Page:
3^OP1 125.2 (13.8) 126.7 (90.8-154.0) 112.6 (19.4) 113.1 (63.3-148.5) 0.01
(degree)

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3^OP2 123.8 (19.9) 126.0 (91.6-152.6) 119.2 (14.9) 120.9 (66.1-149.5) N.S.
3^ML 42.7 (12.6) 40.9 (18.3-63.9) 29.5 (19.9) 25.2 (0.9-79.0) <0.01
2^OP1 42.2 (13.3) 41.2 (17.6- 93.4) 63.0 (25.3) 54.8 (20.8-124.0) <0.01

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2^OP2 88.2 (21.8) 92.2 (38.1-140.0) 69.4 (22.8) 65.7 (31.4-166.0) <0.01
2^4 25.3 (13.2) 23.3 (6.4-64.7) 22.6 (11.7) 22.7 (1.1-53.7) N.S.

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3c-4 127.4 (48.6) 121.8 (56.5-229.0) 116.9 (30.3) 116.5 (61.8-217.4) N.S.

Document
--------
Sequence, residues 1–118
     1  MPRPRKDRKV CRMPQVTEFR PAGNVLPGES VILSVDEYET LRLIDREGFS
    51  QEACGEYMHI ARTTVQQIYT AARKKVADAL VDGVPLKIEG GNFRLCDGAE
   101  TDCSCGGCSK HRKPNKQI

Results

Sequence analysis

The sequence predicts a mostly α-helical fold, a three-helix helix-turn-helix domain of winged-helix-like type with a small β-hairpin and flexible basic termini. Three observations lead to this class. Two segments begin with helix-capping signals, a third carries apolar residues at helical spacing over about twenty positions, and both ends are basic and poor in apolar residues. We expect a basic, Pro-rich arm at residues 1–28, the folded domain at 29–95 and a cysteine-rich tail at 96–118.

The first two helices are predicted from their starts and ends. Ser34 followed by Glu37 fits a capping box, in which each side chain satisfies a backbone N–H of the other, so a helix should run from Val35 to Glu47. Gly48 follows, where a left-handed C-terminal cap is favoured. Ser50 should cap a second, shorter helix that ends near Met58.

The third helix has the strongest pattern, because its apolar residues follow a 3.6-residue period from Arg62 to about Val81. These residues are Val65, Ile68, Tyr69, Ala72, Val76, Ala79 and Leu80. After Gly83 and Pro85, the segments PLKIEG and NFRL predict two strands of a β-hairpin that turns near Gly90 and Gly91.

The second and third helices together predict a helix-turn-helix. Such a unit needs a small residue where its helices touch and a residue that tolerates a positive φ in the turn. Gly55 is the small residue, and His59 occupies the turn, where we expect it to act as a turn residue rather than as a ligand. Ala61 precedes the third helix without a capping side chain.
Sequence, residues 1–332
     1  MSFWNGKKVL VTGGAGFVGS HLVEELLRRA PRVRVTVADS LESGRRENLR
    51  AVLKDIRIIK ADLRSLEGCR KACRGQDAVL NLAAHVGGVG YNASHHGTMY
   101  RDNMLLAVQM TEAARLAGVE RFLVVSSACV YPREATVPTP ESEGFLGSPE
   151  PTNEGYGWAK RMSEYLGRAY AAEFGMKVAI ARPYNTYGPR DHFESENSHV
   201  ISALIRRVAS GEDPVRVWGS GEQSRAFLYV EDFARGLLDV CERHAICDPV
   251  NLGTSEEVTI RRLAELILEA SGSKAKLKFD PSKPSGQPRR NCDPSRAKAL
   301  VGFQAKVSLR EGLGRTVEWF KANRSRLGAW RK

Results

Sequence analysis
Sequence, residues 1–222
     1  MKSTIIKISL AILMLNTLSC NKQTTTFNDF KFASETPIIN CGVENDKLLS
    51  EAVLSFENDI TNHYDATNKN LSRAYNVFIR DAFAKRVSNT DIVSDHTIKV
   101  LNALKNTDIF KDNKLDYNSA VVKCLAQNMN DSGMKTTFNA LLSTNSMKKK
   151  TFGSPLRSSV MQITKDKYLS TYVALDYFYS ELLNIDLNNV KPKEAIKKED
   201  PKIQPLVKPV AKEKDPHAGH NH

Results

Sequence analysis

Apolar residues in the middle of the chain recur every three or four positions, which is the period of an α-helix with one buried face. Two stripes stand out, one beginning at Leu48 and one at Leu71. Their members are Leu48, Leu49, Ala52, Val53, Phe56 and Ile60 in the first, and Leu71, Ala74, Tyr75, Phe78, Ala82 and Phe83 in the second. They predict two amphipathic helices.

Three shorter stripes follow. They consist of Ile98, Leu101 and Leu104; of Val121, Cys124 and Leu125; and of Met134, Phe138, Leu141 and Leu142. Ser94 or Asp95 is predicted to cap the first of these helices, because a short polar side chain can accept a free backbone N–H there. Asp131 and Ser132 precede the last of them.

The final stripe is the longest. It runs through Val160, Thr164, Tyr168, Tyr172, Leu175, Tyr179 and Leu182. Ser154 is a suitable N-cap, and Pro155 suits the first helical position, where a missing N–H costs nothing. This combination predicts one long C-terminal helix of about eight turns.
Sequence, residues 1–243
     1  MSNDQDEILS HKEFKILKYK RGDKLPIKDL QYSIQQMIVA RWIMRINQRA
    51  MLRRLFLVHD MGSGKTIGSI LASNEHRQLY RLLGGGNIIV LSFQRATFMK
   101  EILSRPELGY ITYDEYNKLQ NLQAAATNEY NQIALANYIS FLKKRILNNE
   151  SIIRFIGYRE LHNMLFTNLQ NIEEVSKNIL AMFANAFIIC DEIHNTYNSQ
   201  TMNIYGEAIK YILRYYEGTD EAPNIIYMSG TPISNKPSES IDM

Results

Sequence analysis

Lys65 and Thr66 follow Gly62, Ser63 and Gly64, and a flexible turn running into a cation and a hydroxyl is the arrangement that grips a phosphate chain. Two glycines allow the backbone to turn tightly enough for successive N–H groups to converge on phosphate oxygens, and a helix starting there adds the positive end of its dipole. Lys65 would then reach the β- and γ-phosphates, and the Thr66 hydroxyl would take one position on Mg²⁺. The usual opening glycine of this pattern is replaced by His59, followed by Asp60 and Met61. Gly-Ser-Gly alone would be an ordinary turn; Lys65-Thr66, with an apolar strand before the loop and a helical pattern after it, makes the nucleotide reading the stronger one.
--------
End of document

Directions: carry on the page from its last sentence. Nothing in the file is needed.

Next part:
3c-2 35.3 (31.1) 36.9 (-68.3-113.0) 57.8 (23.4) 59.3 (-40.0-110.6) <0.01
3c-1 102.0 (39.5) 111.2 (27.7-181.8) 136.3 (29.7) 136.8 (47.2-211.6) <0.01

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Linear measurements

3c-OP1 215.7 (48.2) 201.4 (133.5-380.9) 137.5 (51.2) 142.3 (8.0-304.4) <0.01
<0.01

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3c-OP2 285.9 (56.3) 277.0 (209.6-498.1) 198.2 (59.7) 197.5 (21.5-375.1)

<0.01
(mm)

3c-ML 153.4 (43.0) 162.3 (80.6-243.1) 218.4 (43.2) 214.2 (92.9-346.7)

3a-4 52.3 (37.2) 54.5 (3.3-161.1) 56.7 (29.2) 55.7 (1.3-151.1) N.S.
3a-2

3a-1
174.3 (56.6)

219.8 (58.8)
D
176.5 (70.3-309.1)

217.0 (105.5-364.7)
159.5 (32.3)

190.4 (30.1)
159.6 (87.8-246.6)

188.2 (96.1-274.8)
N.S.
0.01
E
3a-OP1 452.2 (72.9) 442.6 (243.1-611.4) 411.5 (52.6) 409.6 (252.0-556.0) 0.01
3a-OP2 488.9 (95.8) 497.2 (79.6-611.4) 468.3 (74.5) 460.9 (82.6-723.2) 0.01
T

3a-ML 274.7 (46.8) 269.0 (203.8-415.1) 222.6 (42.8) 226.2 (136.5-312.8) <0.01
2-4 68.2 (30.2) 78.6 (9.8-112.1) 83.4 (19.2) 85.5 (10.2-165.6) 0.03
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Table 3: Strength of discrimination AUC (area under the curve), optimal cut-off points to discriminate